Weight (oz/g) 25 / 765 26.1 / 740 22.2 

Model 234210 620142ED 141042

Size Class Standard Standard Standard

More Butterfly Watching... Mainly from the Spring garden area of Ojibway

Male and Female Fiery Skipper - Common at Spring garden

Long-dash Skipper

Tawny edged Skipper

Wild Indigo Duskywing

Male Sachem, Unmistakable with large stigma on the upper forwing.

Birding has been slow, although I did notice a (juv?) Humingbird perched in my backyard near my feeder, as well as my first southbound Warbler, which was associating with some Black Capped Chickadees today.

My first South-bound warbler for the season. Cool!

Good birding (& Butterfly Watching!)

Common Checkered Skipper ... is Common at Spring Garden!

Sunday, August 12, 2012

Shorebirding Point Pelee's Marsh

I've started a tradition over the last two or three years to kayak Point Pelee's Marsh in August. This is a nice way to witness the fall migration of shorebirds very close-up. I was hoping to see a rarity, such as a Phalarope or Avocet, but no such luck. Pretty much what I've seen in previous years was seen this week:

Pectoral Sandpiper 5
Semi Plover 4
Semi Sandpiper 6
Least Sandpiper 4
Black Bellied Plover 3
Killdeer 6
Short Billed Dowitcher 2

 Semipalmated Sandpiper
Semipalmated Sandpiper. Its funny to think that as recent as last summer, I had some minor confusion with this species and Sanderling. Rest assured, I've ironed out the differences and will no longer be confused!

Pectoral Sandpiper

More Butterfly Watching

I've walked alot at Spring Garden (as mentioned in my last posting) but butterflies diversity has not really changed, or seems to be tapering off (between broods?). I did see a pair of Variegated Fritillaries though, which was exciting to see... I don't think any former butterfly counts for Ojibway had that species, so that's pretty significant to see so many there! Other butterflies there are Pecks, Fiery, Dainty Sulphur, Common Buckeye, Eastern Tailed Blue, Wild Indigo Duskywing, Least skippers, Crossline Skipper and Checkered Skipper.

Two Variegated Fritillaries, chasing each other in a whirlabout!

Its surprisingly difficult to photograph an Orange Sulphur in a dorsal perspective!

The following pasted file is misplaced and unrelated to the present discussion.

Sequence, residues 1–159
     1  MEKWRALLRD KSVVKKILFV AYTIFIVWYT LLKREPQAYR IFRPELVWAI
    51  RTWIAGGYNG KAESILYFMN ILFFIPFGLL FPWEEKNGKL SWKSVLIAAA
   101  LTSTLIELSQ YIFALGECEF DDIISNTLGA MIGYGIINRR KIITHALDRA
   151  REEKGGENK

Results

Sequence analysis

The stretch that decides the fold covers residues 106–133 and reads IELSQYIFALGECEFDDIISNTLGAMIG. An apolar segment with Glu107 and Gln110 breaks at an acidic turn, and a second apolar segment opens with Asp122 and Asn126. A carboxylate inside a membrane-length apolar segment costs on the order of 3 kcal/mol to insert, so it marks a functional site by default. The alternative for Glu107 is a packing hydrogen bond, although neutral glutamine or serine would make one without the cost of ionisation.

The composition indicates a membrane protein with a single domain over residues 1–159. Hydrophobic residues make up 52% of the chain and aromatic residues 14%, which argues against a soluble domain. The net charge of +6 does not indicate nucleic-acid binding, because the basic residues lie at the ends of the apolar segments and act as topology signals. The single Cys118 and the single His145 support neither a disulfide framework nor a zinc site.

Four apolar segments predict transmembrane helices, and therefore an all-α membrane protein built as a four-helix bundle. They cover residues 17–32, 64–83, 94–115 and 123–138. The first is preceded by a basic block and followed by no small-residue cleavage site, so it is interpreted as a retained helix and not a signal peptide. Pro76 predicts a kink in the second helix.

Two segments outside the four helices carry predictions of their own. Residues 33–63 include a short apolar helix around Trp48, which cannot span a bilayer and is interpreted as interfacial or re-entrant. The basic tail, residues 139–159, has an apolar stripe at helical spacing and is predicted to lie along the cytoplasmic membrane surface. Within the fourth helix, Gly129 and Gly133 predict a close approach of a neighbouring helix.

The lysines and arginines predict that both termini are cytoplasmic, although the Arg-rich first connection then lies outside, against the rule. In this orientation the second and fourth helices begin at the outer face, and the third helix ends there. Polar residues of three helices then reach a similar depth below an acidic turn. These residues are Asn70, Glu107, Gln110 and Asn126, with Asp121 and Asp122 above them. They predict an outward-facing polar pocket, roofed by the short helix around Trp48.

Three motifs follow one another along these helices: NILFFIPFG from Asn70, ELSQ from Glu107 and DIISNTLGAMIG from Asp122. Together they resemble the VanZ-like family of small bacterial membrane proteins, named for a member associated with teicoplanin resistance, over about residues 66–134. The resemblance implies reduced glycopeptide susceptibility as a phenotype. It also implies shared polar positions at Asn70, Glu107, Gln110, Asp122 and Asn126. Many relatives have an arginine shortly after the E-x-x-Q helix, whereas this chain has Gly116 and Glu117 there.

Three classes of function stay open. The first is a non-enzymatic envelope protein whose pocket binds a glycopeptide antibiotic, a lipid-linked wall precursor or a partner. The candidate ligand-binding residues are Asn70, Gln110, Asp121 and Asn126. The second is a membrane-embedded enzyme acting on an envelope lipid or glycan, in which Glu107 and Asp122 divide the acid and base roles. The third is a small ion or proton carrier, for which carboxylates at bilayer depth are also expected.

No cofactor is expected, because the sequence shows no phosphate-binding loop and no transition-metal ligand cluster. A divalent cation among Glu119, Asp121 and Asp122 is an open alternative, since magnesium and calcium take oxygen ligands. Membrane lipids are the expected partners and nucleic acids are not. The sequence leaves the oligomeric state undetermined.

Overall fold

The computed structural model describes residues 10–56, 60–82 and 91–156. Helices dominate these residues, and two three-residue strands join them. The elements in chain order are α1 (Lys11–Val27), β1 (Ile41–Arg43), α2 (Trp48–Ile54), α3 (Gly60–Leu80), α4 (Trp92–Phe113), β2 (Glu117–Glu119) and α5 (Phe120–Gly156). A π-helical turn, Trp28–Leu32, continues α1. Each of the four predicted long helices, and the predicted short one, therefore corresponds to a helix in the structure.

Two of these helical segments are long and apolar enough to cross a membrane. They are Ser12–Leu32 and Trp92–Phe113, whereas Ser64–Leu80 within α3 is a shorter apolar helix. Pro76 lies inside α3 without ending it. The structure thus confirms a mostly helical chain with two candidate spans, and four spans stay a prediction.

The photo below shows a pair of Skippers that I noticed at Wheatley Beach this week. When I was at the beach, I had noticed some Common Sootywings and a few skippers,  and figured I would ID the skippers when I got home. They turned out to be Sachem Skippers! Pretty rare... In my opinion at least! I would have taken more care in photographing them, but I figured I was looking at something common! Other butterflies included Common Sootywing and many Sulphurs.
Sachem Butterflies - Wheatley Beach. Note the huge stigma marking on the male.

Good Birding,
Rough Blazingstar - Spring Garden Area
First time seeing a Walking Stick Insect in the wild... Crazy!

Thursday, August 2, 2012

Butterfly Watching at Spring Garden

Butterflies have taken center stage over the last week or two. Finding a Checkered Skipper a few weeks back has really re-ignited my interest in butterflies. Over the last week , I've discovered more Checkered Skippers as well as other great butterflies at the Spring Garden area of Ojibway Park.

Ojibway's Spring Garden area in West Windsor has been reputed as an excellent area to go butterfly watching.  It is excellent because it has great habitat mix: Forest, Grassland, Hills, floodplain, and Turkey Creek which runs through it. Its a pleasure to walk the paths and watch butterflies while hearing distant Carolina Wrens, Tufted Titmouse, Belted Kingfisher and more. Recent walks have given good views of:

Checkered Skipper 3
Fiery Skipper 10+
Common Sootywing 4+
Dainty Sulphur 3+
Clouded Sulphur many
Orange Sulphur many
Cabage White many
Juvenals /Wild Indigo Duskywing many
Least Skipper many
Pecks Skipper 2
Grey Hairstreak 1
Black Swallowtail 1
Giant Swallowtail 1
Spicebush Swallowtail 1
Common Buckeye 3
Common Ringlet 1
Variegated Fritillary 2
Crossline Skipper 1

Common Sootywing
Grey Hairstreak
Dainty Sulphur

Fiery Skipper on the 'flames' of a tiny yellow wildflower

Common Ringlet
Least Skipper
Male Peck's Skipper

Spicebush Swallowtail

Good Birding!

Not butterflies, but pretty cool!

Chickweed Geometer Moth
Ailanthus Webworm Moth